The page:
“And what does Chandrila think of it?”

“Nothing. It is a personal matter. As a core world we welcome people from all planetary and cultural backgrounds. My name is my business alone.”

“Admirable,” said Hux, and he sounded sincere about it. “Here in the Outer Rim, and in the Mid Rim too, we still struggle with that. The need to set ourselves apart from all the other planets. To not disappear into obscurity and irrelevance.”

“And this is where an alliance with a Core world would come in useful, would it not?” As he spoke, Kylo reached out to skim the surface of the other man’s thoughts, and almost slipped right out. It was unlikely that the man had training to resist Force users, considering their rarity in the galaxy these days. Besides, Kylo got in easily enough. But his thoughts were like quicksilver, shifting rapidly, sifting through Kylo’s Force probing, and the only impression he was left with was of himself, reflected back at him on the surface of Hux’s mind. Hux was intrigued by him.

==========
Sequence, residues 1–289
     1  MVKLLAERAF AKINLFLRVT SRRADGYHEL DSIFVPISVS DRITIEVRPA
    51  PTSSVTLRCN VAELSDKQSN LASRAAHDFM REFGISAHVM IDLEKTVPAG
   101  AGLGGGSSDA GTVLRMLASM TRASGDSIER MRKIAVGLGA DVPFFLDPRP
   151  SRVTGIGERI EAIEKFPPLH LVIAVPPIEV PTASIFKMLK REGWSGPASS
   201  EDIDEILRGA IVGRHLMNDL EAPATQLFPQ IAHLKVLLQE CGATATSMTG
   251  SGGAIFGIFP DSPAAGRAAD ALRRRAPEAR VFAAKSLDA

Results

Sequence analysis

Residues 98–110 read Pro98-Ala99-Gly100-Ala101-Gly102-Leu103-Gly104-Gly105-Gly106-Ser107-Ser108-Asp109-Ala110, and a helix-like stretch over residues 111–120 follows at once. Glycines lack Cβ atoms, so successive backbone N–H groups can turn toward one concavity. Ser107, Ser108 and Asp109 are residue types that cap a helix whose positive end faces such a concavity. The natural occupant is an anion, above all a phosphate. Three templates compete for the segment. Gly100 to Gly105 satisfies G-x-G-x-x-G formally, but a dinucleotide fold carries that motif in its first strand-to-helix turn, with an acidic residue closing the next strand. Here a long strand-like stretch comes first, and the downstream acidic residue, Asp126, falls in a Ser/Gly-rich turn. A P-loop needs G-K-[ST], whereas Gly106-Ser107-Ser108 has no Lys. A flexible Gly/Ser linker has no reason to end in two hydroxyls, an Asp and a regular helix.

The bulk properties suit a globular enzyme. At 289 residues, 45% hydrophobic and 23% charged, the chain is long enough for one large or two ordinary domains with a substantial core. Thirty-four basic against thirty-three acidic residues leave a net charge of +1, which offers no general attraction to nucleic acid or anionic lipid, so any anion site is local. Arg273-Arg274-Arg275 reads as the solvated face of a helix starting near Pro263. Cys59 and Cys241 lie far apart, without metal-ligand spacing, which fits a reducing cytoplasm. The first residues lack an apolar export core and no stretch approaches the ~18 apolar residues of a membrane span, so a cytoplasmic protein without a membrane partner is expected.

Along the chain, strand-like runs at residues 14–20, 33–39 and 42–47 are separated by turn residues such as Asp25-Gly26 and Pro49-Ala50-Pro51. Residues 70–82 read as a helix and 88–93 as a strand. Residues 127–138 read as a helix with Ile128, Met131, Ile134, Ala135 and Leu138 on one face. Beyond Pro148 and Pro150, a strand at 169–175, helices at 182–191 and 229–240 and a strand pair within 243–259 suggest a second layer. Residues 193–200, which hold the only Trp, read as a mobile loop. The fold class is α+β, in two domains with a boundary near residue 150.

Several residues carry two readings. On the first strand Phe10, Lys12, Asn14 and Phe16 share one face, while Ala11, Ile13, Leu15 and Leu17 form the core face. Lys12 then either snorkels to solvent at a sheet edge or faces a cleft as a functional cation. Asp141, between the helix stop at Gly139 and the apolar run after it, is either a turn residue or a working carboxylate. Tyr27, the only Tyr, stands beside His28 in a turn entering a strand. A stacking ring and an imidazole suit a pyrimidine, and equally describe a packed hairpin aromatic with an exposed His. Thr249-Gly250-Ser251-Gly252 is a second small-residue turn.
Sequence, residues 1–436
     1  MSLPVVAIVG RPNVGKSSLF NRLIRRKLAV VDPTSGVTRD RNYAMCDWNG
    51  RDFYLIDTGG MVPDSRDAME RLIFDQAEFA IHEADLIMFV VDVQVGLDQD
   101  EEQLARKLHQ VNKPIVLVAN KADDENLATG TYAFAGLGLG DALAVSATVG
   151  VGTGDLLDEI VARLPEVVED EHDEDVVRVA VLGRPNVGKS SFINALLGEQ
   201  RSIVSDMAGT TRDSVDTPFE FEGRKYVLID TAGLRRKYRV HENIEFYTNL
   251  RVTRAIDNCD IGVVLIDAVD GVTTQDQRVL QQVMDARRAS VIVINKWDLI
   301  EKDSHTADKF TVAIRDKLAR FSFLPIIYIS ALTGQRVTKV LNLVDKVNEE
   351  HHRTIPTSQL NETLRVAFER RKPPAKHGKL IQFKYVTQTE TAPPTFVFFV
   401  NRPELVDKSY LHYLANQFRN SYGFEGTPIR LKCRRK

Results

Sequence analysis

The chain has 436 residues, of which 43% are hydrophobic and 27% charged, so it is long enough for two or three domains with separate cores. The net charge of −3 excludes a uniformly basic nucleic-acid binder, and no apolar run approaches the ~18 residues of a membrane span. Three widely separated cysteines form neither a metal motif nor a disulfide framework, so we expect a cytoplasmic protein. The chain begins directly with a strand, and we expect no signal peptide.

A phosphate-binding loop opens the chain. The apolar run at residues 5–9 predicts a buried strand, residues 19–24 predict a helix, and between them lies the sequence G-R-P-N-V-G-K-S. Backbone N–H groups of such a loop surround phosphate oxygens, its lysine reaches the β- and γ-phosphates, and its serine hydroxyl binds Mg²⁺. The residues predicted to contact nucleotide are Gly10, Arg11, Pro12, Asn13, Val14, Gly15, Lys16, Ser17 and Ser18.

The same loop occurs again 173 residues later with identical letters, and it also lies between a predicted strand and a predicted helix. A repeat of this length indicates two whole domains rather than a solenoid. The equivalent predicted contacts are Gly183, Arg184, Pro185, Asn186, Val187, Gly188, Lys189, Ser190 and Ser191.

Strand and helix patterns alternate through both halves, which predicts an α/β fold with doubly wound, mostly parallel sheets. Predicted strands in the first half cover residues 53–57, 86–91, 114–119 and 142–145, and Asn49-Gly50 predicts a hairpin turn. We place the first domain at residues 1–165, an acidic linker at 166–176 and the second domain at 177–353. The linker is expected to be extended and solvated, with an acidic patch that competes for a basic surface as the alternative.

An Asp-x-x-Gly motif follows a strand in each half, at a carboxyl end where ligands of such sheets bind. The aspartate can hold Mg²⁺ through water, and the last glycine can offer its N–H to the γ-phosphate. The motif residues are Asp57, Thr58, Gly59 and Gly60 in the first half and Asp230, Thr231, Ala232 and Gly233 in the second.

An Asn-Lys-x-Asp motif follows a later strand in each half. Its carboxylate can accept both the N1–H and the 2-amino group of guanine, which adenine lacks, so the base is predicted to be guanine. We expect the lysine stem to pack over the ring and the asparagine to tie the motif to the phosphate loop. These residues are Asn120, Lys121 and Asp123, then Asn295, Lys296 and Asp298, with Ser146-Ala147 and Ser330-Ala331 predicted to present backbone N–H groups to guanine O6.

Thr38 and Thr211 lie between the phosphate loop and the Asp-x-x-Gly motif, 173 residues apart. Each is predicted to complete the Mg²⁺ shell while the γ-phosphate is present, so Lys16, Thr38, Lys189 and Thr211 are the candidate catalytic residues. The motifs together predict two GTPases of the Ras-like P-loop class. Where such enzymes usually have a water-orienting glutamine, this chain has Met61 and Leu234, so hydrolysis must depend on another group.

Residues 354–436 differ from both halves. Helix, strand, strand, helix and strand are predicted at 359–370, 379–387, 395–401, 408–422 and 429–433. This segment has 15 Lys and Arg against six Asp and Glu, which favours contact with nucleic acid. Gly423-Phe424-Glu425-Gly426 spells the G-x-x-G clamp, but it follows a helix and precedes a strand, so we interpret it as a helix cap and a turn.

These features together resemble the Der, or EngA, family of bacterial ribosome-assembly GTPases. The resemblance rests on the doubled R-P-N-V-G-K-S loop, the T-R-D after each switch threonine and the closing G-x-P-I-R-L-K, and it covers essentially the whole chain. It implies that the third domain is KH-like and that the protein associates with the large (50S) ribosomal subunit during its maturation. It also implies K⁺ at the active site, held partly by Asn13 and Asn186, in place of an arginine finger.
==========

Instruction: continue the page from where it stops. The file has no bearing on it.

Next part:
Hux must have somehow detected his presence, because he twitched irritably, jerking his head as though avoiding an insect. “We’ll leave the shop talk for later,” said Hux a little testily, and Kylo retracted the mental touch. “My assistant, Mitaka, will see you to your rooms, and he will fetch you for our meal in two hours time.”

 

*